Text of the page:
In Summer of 2009, I interned at the Human Rights Commission of Pakistan as a research intern. Part of my job was to compile data through research to prepare an advocacy report for the organization. I used the theme of my Freshman essay:
“Violence against Women in Pakistan:
A Deeply Flawed Legal System
and a Patriarchal Mindset”
Below is an excerpt from the final essay and report:
"Her eyes widened in terror as she saw the creatures emerge from the background. She had only heard their barks till then, but her heart jumped in her throat as she saw the hungry dogs lash at her. She tried to crawl away from them, trying to save herself as the men watched. But the dogs were too quick for her, and too hungry. The dogs jumped at her, embedding their teeth deep in her skin. She shrieked and writhed in pain, as the dogs growled, clawing at her, trying to keep her down, ripping her flesh apart. She shrieked and begged the men to stop the dogs. As she shrieked in uncontrollable fear and pain, she saw one of the men raise his gun and point the muzzle at her. The time seemed to stop. As she writhed, she saw him pull the trigger, more than once and she slowly fell into the deep abyss from where no one returns.
This is the story of Tasleem Solangi; an extraordinary girl, and yet with a fate no more different than those of millions of other Pakistani women. Tasleem Solangi was an 18-year old girl in the Southern Province of Sindh, Pakistan, who was killed in an extremely inhumane manner by the elders of her tribe. Her mother reported that she was ‘first thrown before hungry dogs, and when she was mauled by them and in the jaws of death, she was riddled with bullets’ (Dawn 2008). This was the punishment ordered for her by the local ‘jirga,’ because she was declared a ‘kari’, the local term for a female adulterer. However, police investigation shows that there was no proof of an extramarital affair and Tasleem’s murder was merely a by-product of a family dispute over a piece of land. Regardless of the actual reason for her murder, Tasleem’s murder points to a larger issue at hand; extreme nature of violence against women in the strictly patriarchal society of Pakistan.
Another story from the same country: Tehimna, a seventeen-year girl was married off to a businessman four times her age (BBC). Despite economic prosperity and the lack of any reason, Tehmina’s husband regularly beat her. The beatings were limited to slaps, punches and kicks. But one day when the rest of the family was out, he went much further. He tied her to the bed, announced thrice that he was divorcing her. Then he grabbed a knife, chopped off Tehmina’s nose and all her hair.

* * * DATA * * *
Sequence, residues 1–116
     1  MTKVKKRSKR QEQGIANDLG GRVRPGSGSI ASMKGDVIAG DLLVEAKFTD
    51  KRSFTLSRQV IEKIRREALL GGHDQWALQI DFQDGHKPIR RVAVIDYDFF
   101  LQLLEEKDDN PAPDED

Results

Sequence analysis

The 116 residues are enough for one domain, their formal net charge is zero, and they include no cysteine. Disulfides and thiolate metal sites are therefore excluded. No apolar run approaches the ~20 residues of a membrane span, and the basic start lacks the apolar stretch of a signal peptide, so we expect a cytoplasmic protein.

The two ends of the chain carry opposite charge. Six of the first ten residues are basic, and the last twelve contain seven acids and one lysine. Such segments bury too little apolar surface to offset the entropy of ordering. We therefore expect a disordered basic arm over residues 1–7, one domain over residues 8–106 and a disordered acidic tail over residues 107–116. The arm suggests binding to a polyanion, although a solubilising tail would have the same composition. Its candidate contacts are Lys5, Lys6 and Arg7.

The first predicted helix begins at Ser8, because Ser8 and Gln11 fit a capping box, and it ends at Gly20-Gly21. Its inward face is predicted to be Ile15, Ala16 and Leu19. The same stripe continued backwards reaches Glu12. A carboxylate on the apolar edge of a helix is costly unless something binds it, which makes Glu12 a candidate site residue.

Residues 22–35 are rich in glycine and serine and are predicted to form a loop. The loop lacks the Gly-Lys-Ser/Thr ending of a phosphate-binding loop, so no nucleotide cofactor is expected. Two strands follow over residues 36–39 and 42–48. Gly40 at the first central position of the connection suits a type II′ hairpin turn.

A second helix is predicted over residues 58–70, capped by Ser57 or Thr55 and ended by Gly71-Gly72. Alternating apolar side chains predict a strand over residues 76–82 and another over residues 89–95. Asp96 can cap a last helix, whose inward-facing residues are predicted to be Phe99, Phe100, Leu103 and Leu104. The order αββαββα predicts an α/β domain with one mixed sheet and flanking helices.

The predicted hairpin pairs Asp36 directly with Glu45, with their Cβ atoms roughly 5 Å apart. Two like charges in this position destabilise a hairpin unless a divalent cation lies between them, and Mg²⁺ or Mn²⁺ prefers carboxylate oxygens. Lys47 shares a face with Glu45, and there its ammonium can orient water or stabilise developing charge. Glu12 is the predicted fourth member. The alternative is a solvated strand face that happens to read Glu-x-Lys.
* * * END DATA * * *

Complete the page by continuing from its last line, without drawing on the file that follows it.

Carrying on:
One can only try to imagine Tasleem or Tehmina’s plight. By using bits and pieces from reports, one can only try to recreate the imagery of the actual event. However, it is almost impossible for words to justify the extremity of the inhumane treatment that befalls these women and thousands more like them. In a patriarchal society such as Pakistan, such cases are not rare. All one has to do to see how many women become victims of domestic, sexual or mental violence in a day is to pick up the daily newspaper and one would be overwhelmed by the high number of stories that color the pages. Hundreds of women are murdered, raped and assaulted each day. Although there is an authentic legal framework which promises that “all citizens are equal before law” (Constitution of Pakistan 1973, Article 25) many provisions of the same system prove to be unfair to women. However, it must be noted that it is essentially the deeply flawed legal system and the mindset behind it that forms the reason for such extreme acts of violence.
Women are subjected to discrimination and subjugation in the Pakistani community. Although the severity of this discrimination varies from area to area depending on financial, ethnic, rural/urban, social and educational background, it is prevalent across all four provinces of Pakistan and in the tribal regions on the border of Afghanistan. Women live in a world structured around strict customs that force them into subjugation and consternation. In a society in which the legal system is entangled in religious values, women not only suffer violence but the offenders are treated with impunity. The law, which guarantees to not allow “any discrimination on the basis of gender only” (Constitution of Pakistan 1973, Article 25) , and indeed goes a step further by promising “to provide additional provisions for the protection of women” (Constitution of Pakistan 1973, Article 26) often backfires and is used to force women to even deeper tyranny...."
(Email me if you are interested in reading more)